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Symposium, new State Historical Society book celebrate state’s political culture

Symposium, new State Historical Society book celebrate state’s political culture

Although South Dakota is known for its agrarian conservatism, there is more to the state’s political tradition than simply Republicans or Democrats. The authors of a new book from the South Dakota State Historical Society explore the state’s identity in “The Plains Political Tradition: Essays on South Dakota Political Culture, Volume 3” edited by Jon K. Lauck, John E. Miller and Paula M. Nelson.

The volume will be released Sept. 8, during a free symposium at Augustana University’s Center for Western Studies in Sioux Falls. Throughout the event, to be held from 7:30 a.m.-12:30 p.m. CDT, authors and other panelists will explore South Dakota’s political history and the development of its modern political culture.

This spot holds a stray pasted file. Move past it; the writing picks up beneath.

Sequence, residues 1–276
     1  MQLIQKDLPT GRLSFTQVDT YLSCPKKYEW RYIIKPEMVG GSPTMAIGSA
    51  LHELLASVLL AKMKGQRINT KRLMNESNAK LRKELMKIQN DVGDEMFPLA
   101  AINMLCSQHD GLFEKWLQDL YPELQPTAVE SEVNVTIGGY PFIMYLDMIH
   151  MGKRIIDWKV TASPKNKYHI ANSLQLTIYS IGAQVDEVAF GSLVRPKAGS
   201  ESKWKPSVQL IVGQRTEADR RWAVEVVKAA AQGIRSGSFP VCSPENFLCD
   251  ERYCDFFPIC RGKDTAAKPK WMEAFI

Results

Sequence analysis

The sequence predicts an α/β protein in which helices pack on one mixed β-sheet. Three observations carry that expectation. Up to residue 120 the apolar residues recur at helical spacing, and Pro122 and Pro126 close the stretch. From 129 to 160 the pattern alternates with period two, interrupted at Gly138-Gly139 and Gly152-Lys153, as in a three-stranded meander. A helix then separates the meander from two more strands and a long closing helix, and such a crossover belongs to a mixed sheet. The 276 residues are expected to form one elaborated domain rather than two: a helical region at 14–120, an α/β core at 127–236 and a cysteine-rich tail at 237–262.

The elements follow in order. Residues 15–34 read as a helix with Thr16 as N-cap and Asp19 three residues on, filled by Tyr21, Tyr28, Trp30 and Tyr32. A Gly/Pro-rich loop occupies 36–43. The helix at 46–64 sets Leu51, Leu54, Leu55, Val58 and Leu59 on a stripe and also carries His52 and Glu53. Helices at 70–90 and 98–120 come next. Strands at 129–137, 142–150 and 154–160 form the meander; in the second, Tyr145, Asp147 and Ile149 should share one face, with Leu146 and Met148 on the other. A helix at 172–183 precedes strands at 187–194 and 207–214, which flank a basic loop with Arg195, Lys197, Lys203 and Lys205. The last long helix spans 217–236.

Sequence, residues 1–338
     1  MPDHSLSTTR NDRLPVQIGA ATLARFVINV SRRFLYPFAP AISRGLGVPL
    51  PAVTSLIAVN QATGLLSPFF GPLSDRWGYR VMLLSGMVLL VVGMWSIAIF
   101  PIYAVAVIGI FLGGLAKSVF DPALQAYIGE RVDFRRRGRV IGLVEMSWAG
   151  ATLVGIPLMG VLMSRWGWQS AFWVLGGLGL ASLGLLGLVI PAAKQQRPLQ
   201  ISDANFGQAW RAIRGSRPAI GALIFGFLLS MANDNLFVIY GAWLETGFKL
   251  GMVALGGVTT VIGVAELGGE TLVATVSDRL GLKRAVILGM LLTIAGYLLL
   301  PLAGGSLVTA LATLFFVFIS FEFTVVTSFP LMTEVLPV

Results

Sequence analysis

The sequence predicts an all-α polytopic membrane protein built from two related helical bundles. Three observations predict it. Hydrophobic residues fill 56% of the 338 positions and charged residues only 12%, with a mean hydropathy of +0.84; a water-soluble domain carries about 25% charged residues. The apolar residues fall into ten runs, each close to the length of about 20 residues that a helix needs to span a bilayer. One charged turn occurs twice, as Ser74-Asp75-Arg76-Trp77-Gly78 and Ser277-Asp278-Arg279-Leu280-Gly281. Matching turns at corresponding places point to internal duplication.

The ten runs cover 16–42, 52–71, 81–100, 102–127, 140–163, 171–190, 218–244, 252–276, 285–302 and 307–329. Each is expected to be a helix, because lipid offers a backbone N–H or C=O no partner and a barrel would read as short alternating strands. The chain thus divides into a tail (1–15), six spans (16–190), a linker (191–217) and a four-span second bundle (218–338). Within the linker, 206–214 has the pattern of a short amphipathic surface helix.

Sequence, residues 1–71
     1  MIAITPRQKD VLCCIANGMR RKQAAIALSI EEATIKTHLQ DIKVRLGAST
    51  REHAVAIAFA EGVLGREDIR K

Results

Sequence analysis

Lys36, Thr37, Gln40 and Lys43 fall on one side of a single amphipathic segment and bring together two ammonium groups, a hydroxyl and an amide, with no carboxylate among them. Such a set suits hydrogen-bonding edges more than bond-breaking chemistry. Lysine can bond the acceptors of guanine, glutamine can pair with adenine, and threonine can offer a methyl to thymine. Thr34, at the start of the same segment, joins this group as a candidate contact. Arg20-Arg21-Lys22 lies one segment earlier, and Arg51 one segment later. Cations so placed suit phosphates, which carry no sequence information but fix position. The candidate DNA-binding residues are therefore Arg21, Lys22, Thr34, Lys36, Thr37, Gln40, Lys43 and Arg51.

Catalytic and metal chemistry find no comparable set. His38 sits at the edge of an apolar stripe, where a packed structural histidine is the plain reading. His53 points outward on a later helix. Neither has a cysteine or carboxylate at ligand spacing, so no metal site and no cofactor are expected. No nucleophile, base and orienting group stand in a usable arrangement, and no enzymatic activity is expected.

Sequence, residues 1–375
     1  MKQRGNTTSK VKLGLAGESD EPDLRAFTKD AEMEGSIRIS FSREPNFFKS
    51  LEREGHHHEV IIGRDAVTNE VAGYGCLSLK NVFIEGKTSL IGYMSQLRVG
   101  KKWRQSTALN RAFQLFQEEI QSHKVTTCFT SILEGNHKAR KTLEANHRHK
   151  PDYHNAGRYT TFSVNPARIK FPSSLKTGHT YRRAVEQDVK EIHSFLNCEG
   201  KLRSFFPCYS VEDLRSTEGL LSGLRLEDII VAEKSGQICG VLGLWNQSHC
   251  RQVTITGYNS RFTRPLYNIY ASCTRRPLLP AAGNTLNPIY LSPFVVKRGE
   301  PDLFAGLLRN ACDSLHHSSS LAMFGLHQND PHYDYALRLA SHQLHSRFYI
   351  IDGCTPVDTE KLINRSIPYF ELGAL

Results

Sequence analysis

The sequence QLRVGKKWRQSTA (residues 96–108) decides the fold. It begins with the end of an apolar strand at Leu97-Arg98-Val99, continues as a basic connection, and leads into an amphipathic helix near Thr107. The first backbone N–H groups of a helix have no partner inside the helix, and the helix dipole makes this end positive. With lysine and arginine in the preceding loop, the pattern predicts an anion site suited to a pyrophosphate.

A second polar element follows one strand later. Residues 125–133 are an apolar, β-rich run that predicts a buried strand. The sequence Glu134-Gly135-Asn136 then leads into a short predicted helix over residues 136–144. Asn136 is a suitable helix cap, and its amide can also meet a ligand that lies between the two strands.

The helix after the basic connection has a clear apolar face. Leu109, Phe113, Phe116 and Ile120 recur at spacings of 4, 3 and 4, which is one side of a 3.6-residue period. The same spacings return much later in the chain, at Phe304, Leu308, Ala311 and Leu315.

In this final volume of “The Plains Political Tradition” series, the editors gather essays from 15 historians and other scholars who identify major influences on the political culture of South Dakota. Against a backdrop of agricultural ups and downs, varied religious beliefs, worldwide conflict and powerful personalities, the authors examine ingredients critical to the success and failure of civic movements, legislation, and political campaigns and careers.

“The Plains Political Tradition” can be pre-ordered for $24.95, plus shipping and tax, directly from the South Dakota Historical Society Press at or by calling 605-773-6009. More information on the Plains Politics Symposium and Book Launch can be found at

About the South Dakota State Historical Society
The South Dakota State Historical Society is a division of the Department of Education. The State Historical Society, an Affiliate of the Smithsonian Institution, is headquartered at the South Dakota Cultural Heritage Center in Pierre. The center houses the society’s world-class museum, the archives, and the historic preservation, publishing and administrative/development offices. Call 605-773-3458 or visit for more information. The society also has an archaeology office in Rapid City; call 605-394-1936 for more information.

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